Pig, fowl farm to be shut down

Family’s nine swine and 100-plus birds violate town’s zoning laws
By: Joyia Emard Gold Country News Service
-A +A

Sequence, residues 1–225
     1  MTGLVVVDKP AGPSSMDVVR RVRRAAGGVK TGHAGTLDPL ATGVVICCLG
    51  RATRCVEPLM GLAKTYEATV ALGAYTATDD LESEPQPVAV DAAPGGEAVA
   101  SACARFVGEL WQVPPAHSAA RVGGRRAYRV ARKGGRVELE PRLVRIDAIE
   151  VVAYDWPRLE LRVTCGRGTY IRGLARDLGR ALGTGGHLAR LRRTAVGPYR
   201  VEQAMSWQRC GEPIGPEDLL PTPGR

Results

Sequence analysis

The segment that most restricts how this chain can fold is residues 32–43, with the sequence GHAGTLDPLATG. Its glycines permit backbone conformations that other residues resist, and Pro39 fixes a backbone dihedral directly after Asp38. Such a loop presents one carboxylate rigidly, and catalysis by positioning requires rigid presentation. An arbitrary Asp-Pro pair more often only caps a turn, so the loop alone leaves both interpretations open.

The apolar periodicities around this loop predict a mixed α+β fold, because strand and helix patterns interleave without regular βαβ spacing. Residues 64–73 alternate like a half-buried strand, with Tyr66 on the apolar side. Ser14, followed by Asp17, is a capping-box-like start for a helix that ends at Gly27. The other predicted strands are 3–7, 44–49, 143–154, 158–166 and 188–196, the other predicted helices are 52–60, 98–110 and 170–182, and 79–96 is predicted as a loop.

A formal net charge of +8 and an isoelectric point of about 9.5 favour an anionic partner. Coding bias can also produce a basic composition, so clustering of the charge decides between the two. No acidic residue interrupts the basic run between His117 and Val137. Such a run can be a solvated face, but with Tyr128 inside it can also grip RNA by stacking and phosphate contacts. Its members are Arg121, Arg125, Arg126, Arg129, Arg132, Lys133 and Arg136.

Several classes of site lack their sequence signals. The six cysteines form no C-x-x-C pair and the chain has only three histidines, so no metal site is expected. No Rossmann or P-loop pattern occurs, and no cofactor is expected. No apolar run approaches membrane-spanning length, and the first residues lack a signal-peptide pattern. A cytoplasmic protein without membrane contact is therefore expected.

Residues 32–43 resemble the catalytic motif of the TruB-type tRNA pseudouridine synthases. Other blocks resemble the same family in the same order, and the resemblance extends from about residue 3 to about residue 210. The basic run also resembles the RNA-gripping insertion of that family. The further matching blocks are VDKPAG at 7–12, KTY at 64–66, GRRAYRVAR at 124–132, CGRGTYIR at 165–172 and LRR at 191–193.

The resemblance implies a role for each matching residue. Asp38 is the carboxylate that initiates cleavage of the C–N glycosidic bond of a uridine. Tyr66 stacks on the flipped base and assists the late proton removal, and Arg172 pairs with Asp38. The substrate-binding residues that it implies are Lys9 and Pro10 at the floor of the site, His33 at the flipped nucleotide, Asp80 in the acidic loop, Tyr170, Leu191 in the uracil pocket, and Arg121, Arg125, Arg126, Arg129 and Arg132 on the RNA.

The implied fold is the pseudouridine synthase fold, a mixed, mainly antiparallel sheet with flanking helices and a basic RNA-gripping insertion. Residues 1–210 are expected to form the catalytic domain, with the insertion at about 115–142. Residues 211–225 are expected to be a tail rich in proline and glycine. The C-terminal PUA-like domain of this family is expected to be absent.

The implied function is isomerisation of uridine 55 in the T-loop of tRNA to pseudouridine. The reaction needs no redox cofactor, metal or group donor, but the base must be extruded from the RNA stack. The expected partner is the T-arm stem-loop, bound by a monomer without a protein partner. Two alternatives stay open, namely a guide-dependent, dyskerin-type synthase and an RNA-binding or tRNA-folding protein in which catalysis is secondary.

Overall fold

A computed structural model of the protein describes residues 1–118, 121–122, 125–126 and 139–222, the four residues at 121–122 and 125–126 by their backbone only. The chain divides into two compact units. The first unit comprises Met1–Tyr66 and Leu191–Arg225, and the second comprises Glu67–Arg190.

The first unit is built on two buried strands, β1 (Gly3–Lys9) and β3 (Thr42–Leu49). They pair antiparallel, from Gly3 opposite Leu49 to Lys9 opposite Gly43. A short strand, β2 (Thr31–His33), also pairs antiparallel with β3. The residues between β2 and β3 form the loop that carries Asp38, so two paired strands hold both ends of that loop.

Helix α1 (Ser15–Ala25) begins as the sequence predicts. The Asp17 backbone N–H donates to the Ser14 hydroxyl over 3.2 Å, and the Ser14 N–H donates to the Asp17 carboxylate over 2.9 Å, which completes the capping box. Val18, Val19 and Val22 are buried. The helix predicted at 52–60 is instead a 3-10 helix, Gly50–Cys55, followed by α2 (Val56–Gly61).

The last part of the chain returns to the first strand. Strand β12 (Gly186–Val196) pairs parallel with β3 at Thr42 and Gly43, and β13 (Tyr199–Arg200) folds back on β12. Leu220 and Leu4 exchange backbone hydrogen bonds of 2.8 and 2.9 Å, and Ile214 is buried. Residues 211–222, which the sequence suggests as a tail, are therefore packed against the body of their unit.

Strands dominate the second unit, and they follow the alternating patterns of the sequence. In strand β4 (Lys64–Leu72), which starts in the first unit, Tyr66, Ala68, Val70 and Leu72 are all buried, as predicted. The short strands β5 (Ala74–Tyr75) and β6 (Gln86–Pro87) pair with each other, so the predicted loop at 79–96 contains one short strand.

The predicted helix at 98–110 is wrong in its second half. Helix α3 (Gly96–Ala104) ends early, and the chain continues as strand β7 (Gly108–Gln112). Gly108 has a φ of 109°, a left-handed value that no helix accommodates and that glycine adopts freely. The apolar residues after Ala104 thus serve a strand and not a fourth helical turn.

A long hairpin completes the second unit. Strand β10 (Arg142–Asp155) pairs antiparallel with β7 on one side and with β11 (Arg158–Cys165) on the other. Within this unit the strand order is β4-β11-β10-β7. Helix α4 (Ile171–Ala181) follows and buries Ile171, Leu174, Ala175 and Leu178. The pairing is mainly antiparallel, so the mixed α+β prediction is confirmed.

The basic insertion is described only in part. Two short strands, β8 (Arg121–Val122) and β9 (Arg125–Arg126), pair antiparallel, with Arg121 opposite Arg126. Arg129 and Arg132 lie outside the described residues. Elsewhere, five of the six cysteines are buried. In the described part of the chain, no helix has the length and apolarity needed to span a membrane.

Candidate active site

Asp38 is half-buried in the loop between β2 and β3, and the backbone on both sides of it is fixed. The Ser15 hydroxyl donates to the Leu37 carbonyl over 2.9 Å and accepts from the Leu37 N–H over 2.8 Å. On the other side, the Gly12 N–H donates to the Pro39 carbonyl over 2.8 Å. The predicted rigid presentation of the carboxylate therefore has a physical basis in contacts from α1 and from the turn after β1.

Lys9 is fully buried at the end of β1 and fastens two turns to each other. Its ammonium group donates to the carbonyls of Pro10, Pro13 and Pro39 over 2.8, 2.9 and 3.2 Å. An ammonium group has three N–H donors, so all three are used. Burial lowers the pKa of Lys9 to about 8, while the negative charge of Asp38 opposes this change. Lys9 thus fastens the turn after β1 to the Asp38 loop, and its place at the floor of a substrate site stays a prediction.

An illegal pig and fowl farm in Loomis is being closed down after neighbors complained of foul odors. The Kuzmenko family, immigrants from Estonia, recently found out that some old country practices don’t translate well. The Kuzmenkos live on Bankhead Road, and, while raising pigs and fowl are allowable property uses within the town of Loomis, there is a catch — you must have a lot size of at least two acres for pigs, live in rural estate or rural agriculture zones, and may only have one pig per acre. Fowl and poultry may be kept on minimum half-acre lots, with a maximum of 12 per acre. According to Mike Langford, town code enforcement officer, a representative from county air pollution and two animal control officers inspected the property on Oct. 4 in response to a complaint about bad odor. Langford said they found nine pigs and more than 100 fowl on a 1.5-acre property zoned rural estate. The family has been ordered to remove all of the pigs and all but 18 of the fowl by Oct. 22, when another site inspection is scheduled to occur. “It was a little sad. It clearly seems like a case of the residents not understanding the rules,” Langford said. Langford said Michael Kuzmenko was distressed to learn he could no longer raise the animals. In an interview with Gold Country News Service, Vera Fomichev, of Sacramento, spoke on behalf of the family. “It was a surprise to them. They grow a lot of their own food. They were farmers in Estonia and Uzbekistan. They have 10 children and feed them all,” Fomichev said. “Their vegetables and the animals – it’s all organic, no pesticides or chemicals,” Fomichev said. Other residents who live on Bankhead had mixed thoughts about the animalkeeping on the property. “I only noticed the smell once. It was strong – like sewage,” said neighbor Maggie Pennington. “They’re very giving people and they share their vegetables with us. They’re from Russia. It’s just their way of life. I don’t have a problem with it,” Pennington said. Laura Uno, another neighbor, said, “It smells like a dairy.” “A friend who was visiting said it smelled like tallow,” Uno said. Della and Howard Staats have lived next door to the Kuzmenkos for 18 years. “The old couple doesn’t speak much English, but the sons and daughters are all nice kids,” Della Howard said. “They help us if we need it. We’ve never objected to the animals,” Howard Staats said. Matt Lopez, assistant planner for the town of Loomis, said the town, Placer County animal control, health department and air pollution control district all visited the property in response to complaints from “multiple neighbors.” “We had complaints of foul odors, too many animals, pigs being slaughtered, allegations of bones being burned,” Lopez said. Lopez said the Kuzmenkos have admitted in the past to slaughtering pigs on site. One of the family’s daughters, Vera Kuzmenko, said her parents did not intentionally break the law. “They thought they were doing a good thing. They understand now. The animals are going,” Vera Kuzmenko said. This is the second time that animal control has responded to complaints at the Kuzmenko home. In 2006, 11 dogs were confiscated from the family after animal control received several complaints from people who had answered a newspaper ad in which the Kuzmenkos advertised some Chihuahuas and miniature pinscher dogs for sale. The family had been breeding the dogs and the complaints centered on the care and condition of several of the dogs. Town zoning ordinances allow for only four dogs. --------------------------- LOOMIS ANIMAL KEEPING Where: Town of Loomis rural agriculture, rural estate and rural residential zones Aviary: 20 or more birds, other than fowl and poultry; 20 per acre on a minimum half-acre Dogs and cats: Four animals total on a site less than one acre; four of each on larger lots Fowl and poultry: 12 per acre on minimum half-acre Hogs and swine: One per acre on a minimum of two acres, in rural agriculture and rural estate zones only Horses and cows: Two per acre on a minimum of one acre; minor use permit required in rural residential zone